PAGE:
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Author Topic:   2001 Conquest 28 Re-power
Blackbeard posted 10-09-2006 11:58 AM ET (US)   Profile for Blackbeard   Send Email to Blackbeard  
Planning a re-power of 2001 Conquest 28. Getting rid of Yamaha Saltwater 250's in favor of Yamaha four-stroke motors. F225s are slightly more fuel efficient but am I surrendering power I'll wish I had; should I go with F250's? Can I expect any trade value on the old Saltwaters (about 200 hours and like new)? Any recommendations of what to watch out for? Thanks in advance.
bluewaterpirate posted 10-09-2006 01:33 PM ET (US)     Profile for bluewaterpirate  Send Email to bluewaterpirate     
What's the max power rating of your Conquest. There is no difference of weight 225 -vs- 250. Go with the max hp your boat will handle. If cost is not an issue. Have you looked at the Zuke 250?

Good Luck!

TRAFFICLAWYER posted 10-09-2006 03:27 PM ET (US)     Profile for TRAFFICLAWYER    
I anticipate you'll shell out at least $15,000 to $17,000 or more for those F250's, that's gonna take a long time to break even on the fuel economy differential.
Blackbeard posted 10-10-2006 08:09 AM ET (US)     Profile for Blackbeard  Send Email to Blackbeard     
600-HP is the max rating. Have not looked at the [outboard motors made by Suzuki]. I've had a couple of Yamaha motors and have always had good results. Is there something about the [outboard motors made by Suzuki] I should look at? Fuel efficency on a cost basis alone would not be enough to justify the repower. With the two strokes, I can't make a (100 mile) canyon run without bladders, extra oil and some prayers I'll make the inlet with more than just fumes in the tanks. Thanks for the comments.
bluewaterpirate posted 10-10-2006 10:45 AM ET (US)     Profile for bluewaterpirate  Send Email to bluewaterpirate     
better torque, fuel efficency inline. Just another option. I have some friends who are running [outboard motors made by Suzuki with] 250-HP, and they can't say enough good things about them.
handn posted 10-12-2006 01:13 PM ET (US)     Profile for handn  Send Email to handn     
At 4,000-RPM I cruise at 23 knots with Yamaha 225 EFI four-strokes on a 305 Conquest and burn 19-GPH. You should do better wiith a lighter 28 Conquest. In most sea conditions, I could not comfortably run much faster. Trolling with one engine at 7.2 knots, I get two nautical miles to the gallon. I get a comfortable range of 320 nautical miles on a 300 gallon tank so the 225's should get you out to the canyon and back comfortably and not deafen you or rattle your fillings while doing it.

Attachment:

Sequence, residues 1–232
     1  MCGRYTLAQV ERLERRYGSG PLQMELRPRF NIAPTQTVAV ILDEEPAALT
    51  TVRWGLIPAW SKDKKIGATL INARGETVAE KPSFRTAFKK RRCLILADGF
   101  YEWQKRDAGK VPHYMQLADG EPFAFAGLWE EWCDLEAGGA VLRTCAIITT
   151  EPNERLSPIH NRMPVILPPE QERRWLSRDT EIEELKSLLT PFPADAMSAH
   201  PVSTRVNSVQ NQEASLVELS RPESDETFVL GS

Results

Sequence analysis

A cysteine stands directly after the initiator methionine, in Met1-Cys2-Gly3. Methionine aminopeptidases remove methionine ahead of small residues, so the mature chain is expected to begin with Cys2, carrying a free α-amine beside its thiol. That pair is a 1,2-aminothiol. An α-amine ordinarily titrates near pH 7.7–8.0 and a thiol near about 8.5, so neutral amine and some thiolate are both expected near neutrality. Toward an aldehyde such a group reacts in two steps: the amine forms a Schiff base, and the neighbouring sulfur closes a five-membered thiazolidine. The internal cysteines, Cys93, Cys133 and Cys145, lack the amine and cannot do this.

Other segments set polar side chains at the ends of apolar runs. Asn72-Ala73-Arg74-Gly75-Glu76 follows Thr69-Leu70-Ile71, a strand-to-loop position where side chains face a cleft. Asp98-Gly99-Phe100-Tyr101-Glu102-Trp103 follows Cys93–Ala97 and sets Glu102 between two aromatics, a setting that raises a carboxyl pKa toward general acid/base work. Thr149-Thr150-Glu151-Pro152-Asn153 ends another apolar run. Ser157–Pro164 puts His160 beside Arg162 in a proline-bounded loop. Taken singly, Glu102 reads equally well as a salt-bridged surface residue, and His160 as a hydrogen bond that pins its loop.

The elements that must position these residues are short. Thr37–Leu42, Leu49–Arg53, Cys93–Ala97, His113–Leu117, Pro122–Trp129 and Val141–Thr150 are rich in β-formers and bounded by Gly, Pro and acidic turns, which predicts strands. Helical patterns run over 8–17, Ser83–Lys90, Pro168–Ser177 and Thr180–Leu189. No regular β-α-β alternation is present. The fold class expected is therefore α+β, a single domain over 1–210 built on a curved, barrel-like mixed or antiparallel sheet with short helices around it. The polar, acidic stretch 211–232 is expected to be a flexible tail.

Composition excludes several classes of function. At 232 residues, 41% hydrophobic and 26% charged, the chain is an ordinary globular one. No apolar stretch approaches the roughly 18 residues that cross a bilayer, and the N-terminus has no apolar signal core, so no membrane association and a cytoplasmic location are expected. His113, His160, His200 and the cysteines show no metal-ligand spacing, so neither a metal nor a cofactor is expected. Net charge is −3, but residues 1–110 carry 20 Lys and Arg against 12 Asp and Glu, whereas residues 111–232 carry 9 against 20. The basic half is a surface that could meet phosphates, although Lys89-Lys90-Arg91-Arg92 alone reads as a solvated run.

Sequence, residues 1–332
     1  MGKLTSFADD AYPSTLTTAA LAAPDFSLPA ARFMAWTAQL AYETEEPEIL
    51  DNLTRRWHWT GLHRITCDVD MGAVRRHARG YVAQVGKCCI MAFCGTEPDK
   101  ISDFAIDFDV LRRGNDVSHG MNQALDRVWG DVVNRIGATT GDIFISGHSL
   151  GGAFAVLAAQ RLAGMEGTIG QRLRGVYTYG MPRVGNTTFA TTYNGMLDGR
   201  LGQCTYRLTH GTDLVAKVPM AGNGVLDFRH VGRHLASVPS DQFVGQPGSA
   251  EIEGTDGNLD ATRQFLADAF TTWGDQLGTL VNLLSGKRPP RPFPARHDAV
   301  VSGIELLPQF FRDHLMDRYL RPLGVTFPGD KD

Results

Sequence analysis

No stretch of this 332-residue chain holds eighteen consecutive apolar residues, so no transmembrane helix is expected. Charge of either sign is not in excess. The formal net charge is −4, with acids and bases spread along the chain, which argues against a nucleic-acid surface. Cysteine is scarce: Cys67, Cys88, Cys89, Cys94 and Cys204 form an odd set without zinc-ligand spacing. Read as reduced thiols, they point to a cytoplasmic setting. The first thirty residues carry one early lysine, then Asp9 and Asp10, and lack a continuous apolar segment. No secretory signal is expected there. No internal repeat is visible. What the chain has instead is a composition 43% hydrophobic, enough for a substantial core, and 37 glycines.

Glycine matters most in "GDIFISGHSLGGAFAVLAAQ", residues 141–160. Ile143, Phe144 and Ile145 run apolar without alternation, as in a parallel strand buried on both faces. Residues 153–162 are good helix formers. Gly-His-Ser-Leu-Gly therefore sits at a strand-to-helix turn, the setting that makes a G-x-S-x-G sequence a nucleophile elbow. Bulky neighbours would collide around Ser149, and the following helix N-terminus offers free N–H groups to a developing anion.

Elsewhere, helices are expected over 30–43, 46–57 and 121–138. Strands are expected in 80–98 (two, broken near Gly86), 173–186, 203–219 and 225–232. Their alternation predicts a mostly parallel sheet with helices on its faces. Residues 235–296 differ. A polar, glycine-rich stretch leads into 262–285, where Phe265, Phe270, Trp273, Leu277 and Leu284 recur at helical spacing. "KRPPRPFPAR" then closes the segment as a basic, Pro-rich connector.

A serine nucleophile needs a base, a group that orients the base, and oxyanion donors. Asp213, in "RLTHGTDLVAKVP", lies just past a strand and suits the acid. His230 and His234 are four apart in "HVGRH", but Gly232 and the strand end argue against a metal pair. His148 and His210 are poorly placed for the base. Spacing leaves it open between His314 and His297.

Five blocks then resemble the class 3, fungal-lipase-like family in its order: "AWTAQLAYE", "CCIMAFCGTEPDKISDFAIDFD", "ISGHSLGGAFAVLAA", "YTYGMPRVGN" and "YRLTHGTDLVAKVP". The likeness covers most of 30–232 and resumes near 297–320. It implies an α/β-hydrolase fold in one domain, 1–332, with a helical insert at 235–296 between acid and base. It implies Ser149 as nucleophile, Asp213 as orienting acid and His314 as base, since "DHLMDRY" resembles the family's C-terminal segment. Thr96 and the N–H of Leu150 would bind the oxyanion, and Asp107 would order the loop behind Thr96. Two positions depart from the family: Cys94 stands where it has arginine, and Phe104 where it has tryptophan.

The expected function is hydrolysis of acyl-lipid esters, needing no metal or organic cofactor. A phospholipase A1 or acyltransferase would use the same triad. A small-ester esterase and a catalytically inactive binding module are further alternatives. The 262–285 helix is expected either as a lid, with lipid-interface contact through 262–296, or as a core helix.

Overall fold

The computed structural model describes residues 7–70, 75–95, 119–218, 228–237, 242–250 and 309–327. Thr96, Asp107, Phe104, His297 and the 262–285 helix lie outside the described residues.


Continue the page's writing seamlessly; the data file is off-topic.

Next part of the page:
The EFI four-stroke motors are not as powerful as your 250 gas guzzlers, but are not slugs, either.
I highly recommend Revolution4 or other similar four-blade props. My Revolution4 propellers are 17 pitch and perform very well on the boat.
Peter posted 10-12-2006 01:28 PM ET (US)     Profile for Peter  Send Email to Peter     
On plane at cruise speeds, I don't think the F225 is significantly more efficient than the Ox66 250s. The F225 will likely need to rev about 500 RPM higher to maintain the same speed as the 250.

The reports of significant fuel savings of a four-stroke over an EFI 2-stroke like the Yamaha Ox66 250 in terms of percentages, like the often quoted 35 percent, is at idle. As you move up in the RPM band to the ideal cruising speeds, the gap narrows considerably. The gap will then widen at the upper end of the band near WOT where the Ox66 250 will guzzle about 27 GPH but of course it will be moving the boat much faster than the F225 would be at WOT. Pull throttle back on the Ox66 250 so that fuel consumption is around 21 GPH where the F225 is at WOT and you might be surprised to find that the 250 is making close to the same speed as the F225 is at WOT.

Take a look at my post of four years ago comparing the fuel economy of the Ox66 225 to the F225 on a Pursuit 2470 Walk Around. It's about 1/2 way down in this thread ==> . Basically the Ox66 design is inefficient by todays standards at low engine speeds but not so bad in the middle of the operating band according to the Pursuit test data. If the bulk of your running time is running out 100 miles, I'm not sure you'll see enough of a fuel economy improvement to extend your range significantly.

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